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Choose tool steel or carbon steel - A Beginner's Guide to Buying Custom Kitchen Knives
2016-07-04 16:09:41

Choose tool steel or carbon steel - A Beginner's Guide to Buying Custom Kitchen Knives

-By Alta Special Steel


When selecting a set of knives for your kitchen, you can certainly go to any retail store and purchase an inexpensive set of knives made with plastic handles and low-grade steel. But, when you want something of higher quality, specialized design or materials, or you just want something a bit more personalized, custom is the way to go.

Custom knives in general have a reputation for being more expensive than production knives; however, when you start looking at mid- to high-range kitchen knives, you will notice that the prices are largely similar to most custom offerings out there. There are exceptions, of course—you can pay over $3,000 for a custom sushi knife from some makers. But there are many competitive options available for the price-conscious buyer.

1. Use

When embarking on your custom knife journey, the first thing to consider is what knives you need. If you currently own a block of production knives, you probably have one or two that are used frequently, while the others are rarely if ever used. Those well-used knives are the ones you're going to want to replace with customs—don't bother buying a custom bread knife if you never slice bread. I found that I am pretty well set with a chef knife and a paring knife.

The other part of the use criteria is what you will use them for. If you cook a lot of fish and seafood, you will want a knife much more adept at slicing than if you cook a lot of poultry and red meat. Knives that excel at slicing tend to be narrower to reduce the amount of metal that has to pass through whatever you are cutting. Good examples are filet and boning knives, plus the Japanese yanagi, which is the most common style of knife used for sushi and sashimi.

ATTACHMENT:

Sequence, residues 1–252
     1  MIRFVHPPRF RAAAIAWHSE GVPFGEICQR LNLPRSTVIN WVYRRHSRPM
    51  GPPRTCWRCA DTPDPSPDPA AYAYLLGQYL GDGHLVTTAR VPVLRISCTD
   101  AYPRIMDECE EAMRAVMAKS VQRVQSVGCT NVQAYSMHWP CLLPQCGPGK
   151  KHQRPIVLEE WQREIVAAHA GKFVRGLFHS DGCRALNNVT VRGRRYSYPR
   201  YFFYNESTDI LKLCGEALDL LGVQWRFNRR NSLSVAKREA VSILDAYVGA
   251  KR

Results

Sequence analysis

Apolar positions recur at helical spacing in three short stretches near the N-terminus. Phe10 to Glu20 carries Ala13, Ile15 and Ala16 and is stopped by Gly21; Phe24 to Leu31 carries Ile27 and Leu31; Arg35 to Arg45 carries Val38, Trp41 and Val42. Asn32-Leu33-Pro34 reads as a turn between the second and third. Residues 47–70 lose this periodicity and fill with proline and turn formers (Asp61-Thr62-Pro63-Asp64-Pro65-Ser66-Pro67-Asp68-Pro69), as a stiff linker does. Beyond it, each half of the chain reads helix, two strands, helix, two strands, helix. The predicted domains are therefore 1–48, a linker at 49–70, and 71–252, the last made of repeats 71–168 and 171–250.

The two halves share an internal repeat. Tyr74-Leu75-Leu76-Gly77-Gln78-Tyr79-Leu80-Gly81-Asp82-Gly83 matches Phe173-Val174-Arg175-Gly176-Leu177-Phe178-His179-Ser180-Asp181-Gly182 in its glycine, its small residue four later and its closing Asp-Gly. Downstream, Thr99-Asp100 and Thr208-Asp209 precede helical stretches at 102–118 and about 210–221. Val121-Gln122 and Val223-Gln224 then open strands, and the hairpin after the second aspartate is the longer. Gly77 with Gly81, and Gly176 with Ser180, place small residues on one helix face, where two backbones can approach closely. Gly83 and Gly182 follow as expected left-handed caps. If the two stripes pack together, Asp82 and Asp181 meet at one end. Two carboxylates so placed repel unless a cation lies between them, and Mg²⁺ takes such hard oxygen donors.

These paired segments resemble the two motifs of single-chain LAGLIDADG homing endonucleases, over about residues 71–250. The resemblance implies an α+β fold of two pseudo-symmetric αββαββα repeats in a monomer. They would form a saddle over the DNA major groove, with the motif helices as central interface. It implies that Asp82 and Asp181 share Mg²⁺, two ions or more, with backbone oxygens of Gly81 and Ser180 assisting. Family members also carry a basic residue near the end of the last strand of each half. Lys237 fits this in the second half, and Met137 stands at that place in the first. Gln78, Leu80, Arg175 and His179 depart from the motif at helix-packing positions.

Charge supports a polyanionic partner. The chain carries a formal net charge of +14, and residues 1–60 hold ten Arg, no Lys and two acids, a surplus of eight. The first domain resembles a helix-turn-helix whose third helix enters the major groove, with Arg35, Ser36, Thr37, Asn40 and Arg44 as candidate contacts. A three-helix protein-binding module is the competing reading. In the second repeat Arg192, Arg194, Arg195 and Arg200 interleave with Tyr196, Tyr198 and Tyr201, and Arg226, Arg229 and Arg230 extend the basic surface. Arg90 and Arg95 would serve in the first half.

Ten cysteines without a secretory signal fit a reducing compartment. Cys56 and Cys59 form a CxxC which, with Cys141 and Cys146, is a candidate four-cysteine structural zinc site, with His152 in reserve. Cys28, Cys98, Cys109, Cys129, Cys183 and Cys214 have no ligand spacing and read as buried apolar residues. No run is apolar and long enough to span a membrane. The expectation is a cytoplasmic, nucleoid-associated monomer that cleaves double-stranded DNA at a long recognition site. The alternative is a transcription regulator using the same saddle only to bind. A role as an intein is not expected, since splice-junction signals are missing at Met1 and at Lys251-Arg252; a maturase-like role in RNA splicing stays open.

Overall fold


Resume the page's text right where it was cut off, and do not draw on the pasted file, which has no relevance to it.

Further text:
2. Profile

Chef knives are generally classified by profile. A blade with a fairly straight edge, curving only slightly from the heel to the tip, is commonly referred to as a French profile. More commonly used is the German profile, which has greater curvature and can therefore be used for rocking motions when cutting. Another common profile is the santoku, with its downturned tip and gradual curve. The way a chef knife is profiled will determine how it is used, what it will excel at, and what it won't do as well. For instance, a santoku will chop vegetables very well, but, due to the lack of a pointy tip and shallow curvature, it will perform comparatively poorly when deboning a chicken versus a French profile chef knife.


3. Types of Steel

Once you know what kind of knives you want, you will have to make the ever-important decision of stainless versus carbon steel. "Stainless" refers to steels with high chromium content, making them resistant to corrosion. In fact, "stainless" is a misnomer, as any steel can stain and rust without proper maintenance. Carbon steel, on the other hand, has very little, if any, chromium. It therefore stains very easily and will rapidly rust if neglected.

After picking between stainless and carbon steel, you can go even further and pick the exact type of steel. Just like knife styles, knife steels vary widely and there is as much opinion as fact surrounding most of it. Types of carbon steels alone include 5160, 52100, 1080, 1084, 1095, etc. Tool steels include O1, A2, D2, and so on. The numbers often denotes the metallurgy of the steel - 1095 indicates that the steel contains .95% carbon.

When you wanna a knive that made of tool steel A2, D2, O1 etc, Alta Special Steel wil be your BEST choice, just contact us to get the BEST raw materials!

-- sales@altaspecialsteel.com.

OR recommend our steels to your markers.

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